Overview

Become part of a community, not just a class

From classmates who will become friends for life to administrators and faculty members who go out of their way to get to know you, your years at Quinnipiac will be defined by a sense of community.

Here, you will be surrounded not by competitors but by fellow colleagues who are hard workers from all walks of life, from military veterans to first-generation college students to former arts and engineering majors to evening students with full-time jobs. They will challenge, inspire and support you, and share in your success.

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3 male law students with law professor who is dressed in Candyland attire smile at camera

Having fun while fundraising

Each year Quinnipiac Law hosts an auction to fund grants for students who will work in public interest internships over the summer. Professor Linda Meyer embraces the fun wearing Candyland themed attire, with Geraldo Parrilla, JD ’19, Michael Choiniere, JD ’19 and Jeff Bausch, JD ’19.

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1L Class Profile

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A student in a black dress holds her glasses and speaks in the Grand Courtroom

Leading the conversation

Caitlin Murphy, JD '20, representing the defense during a Quinnipiac Law mock-trial competition in the School of Law Grand Courtroom on the North Haven Campus.

Organizations

One school, infinite opportunity

One of the most extraordinary opportunities you’ll have at Quinnipiac is to get involved on campus. We have more than 30 student-run organizations. Being involved enables you to extend your classroom learning and expand your skill set. You’ll hone your skills in project management, communication, negotiation and leadership — skills that will serve you well throughout your career.

Many of our students compete in the country’s most prestigious competitions, representing our nationally recognized dispute resolution, mock trial and moot court teams. That’s another opportunity to challenge yourself.

Student organizations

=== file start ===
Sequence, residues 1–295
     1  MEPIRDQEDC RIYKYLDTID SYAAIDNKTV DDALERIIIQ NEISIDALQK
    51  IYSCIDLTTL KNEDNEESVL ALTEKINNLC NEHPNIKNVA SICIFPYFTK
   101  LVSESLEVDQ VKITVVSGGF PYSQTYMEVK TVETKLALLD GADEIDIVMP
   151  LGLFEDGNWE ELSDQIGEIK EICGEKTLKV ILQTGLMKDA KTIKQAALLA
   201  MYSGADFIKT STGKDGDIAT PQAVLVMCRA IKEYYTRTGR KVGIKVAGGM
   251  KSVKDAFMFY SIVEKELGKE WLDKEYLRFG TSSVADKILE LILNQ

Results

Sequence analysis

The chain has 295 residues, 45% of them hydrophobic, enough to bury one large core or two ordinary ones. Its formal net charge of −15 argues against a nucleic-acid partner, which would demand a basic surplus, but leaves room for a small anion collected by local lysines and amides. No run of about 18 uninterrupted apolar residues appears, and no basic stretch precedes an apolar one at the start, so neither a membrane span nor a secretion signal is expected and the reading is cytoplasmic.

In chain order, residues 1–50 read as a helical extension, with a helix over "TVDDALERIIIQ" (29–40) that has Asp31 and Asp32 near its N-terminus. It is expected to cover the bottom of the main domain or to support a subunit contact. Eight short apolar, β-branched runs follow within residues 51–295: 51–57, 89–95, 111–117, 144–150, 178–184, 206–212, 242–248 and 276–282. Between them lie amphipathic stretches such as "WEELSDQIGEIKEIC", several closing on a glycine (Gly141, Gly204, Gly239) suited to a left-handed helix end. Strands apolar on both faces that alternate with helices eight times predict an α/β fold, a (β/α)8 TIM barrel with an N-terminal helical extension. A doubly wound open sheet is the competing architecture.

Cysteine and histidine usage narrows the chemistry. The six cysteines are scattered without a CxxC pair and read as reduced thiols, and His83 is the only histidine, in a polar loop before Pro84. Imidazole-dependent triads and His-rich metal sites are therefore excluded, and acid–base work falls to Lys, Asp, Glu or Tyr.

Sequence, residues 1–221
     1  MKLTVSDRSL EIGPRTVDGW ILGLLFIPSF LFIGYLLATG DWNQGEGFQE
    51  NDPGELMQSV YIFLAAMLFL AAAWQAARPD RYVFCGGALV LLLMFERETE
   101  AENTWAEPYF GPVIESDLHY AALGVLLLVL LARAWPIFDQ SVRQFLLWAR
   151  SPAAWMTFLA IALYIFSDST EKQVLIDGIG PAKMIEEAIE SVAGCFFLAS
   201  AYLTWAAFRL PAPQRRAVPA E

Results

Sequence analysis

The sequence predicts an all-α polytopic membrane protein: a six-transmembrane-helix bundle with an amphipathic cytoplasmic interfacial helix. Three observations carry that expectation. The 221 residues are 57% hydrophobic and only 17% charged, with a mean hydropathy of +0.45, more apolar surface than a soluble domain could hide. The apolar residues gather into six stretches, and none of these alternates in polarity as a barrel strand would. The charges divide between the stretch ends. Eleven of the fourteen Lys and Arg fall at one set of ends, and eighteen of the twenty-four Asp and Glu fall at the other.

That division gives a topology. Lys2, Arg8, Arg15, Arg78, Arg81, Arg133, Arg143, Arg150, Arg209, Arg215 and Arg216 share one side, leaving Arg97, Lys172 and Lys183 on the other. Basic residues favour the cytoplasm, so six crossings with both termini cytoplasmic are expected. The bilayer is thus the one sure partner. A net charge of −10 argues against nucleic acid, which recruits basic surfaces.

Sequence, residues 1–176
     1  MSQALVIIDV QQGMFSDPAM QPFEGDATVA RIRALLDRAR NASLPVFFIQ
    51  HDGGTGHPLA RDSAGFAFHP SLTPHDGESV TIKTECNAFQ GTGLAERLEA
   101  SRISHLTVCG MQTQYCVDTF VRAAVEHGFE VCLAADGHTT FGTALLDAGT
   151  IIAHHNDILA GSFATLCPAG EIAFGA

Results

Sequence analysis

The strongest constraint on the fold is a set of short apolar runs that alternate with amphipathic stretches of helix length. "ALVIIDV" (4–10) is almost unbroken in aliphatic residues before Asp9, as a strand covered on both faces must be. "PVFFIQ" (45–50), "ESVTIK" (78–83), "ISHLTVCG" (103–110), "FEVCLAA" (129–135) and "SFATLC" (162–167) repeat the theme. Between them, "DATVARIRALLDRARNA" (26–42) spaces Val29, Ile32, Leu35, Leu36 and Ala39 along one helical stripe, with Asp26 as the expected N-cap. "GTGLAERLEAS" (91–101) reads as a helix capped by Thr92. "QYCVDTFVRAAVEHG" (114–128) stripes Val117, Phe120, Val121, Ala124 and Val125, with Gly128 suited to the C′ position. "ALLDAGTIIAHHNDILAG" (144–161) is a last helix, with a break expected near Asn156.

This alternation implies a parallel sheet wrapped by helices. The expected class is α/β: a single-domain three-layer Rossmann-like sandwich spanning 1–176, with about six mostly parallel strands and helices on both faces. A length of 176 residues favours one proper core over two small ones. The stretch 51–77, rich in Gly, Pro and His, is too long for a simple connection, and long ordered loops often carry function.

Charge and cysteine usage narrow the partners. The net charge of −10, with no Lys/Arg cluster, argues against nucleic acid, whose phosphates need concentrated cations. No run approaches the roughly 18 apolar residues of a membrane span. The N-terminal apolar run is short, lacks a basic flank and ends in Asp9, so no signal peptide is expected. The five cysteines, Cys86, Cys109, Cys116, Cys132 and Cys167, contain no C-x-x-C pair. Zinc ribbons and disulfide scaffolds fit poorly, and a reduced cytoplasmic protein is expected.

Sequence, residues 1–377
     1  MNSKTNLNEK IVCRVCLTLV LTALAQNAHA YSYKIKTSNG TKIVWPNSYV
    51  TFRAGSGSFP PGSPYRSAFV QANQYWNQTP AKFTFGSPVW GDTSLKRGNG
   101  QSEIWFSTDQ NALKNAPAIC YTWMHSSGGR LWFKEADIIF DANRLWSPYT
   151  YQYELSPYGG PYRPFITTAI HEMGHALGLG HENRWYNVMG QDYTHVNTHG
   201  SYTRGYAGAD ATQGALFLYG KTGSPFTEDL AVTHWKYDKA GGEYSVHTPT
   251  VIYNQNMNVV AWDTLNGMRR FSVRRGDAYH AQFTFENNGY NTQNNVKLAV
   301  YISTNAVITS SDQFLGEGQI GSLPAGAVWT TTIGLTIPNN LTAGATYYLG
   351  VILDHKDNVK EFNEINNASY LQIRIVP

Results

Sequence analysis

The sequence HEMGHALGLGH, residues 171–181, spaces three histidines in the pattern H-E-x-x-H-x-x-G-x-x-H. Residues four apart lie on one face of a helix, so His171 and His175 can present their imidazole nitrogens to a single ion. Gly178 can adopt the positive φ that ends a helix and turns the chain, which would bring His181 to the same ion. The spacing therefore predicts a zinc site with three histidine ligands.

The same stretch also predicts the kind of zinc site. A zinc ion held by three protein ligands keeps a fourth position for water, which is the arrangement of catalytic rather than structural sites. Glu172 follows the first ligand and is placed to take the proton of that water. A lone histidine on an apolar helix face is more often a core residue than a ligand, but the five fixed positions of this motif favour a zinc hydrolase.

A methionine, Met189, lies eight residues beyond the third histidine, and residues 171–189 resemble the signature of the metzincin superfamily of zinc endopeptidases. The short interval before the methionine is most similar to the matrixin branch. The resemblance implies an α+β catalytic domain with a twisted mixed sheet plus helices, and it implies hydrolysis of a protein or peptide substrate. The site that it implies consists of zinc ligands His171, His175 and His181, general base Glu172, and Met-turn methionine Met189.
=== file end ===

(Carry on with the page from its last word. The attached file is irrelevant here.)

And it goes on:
• American Constitution Society
  • Asian Pacific American Law Students Association (APALSA)
  • Black Law Students Association (BLSA)
  • Christian Legal Society
  • Criminal Law Society
  • Family and Juvenile Law Society
  • Film Law Society
  • Federalist Society
  • Health Law Society
  • Hockey Society
  • Intellectual Property Law Society
  • International Human Rights Law Society
  • Italian American Law Students Association
  • Jewish Law Society
  • Latino Law Student Association (LLSA)
  • Military Law Society
  • Mock Trial Society
  • Moot Court Society
  • OutLaws (LGBTQ and allies)
  • Phi Alpha Delta Legal Fraternity
  • Phi Delta Phi Legal Fraternity
  • Public Interest Law Project (PILP)
  • QU Law Softball
  • Quinnipiac Health Law Journal
  • Quinnipiac Law Review
  • Quinnipiac Probate Law Journal
  • Ski Club
  • Society for Dispute Resolution (SDR)
  • Sports and Entertainment Law Society
  • Student Bar Association (SBA)
  • Tax Law Society
  • Women’s Law Society

Journals


  • Quinnipiac Law Review
  • Probate Law Journal
  • Health Law Journal

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Students stand in front of a colorful mural.

Seeing signs of hope

Taylor Matook, JD ’19, and Amina Seyal, JD ’19, developed a unique perspective on human migration, refugee policy and global ethics during a two-week experiential learning and immersion trip this summer at the University of Oxford in England and Lesvos, Greece.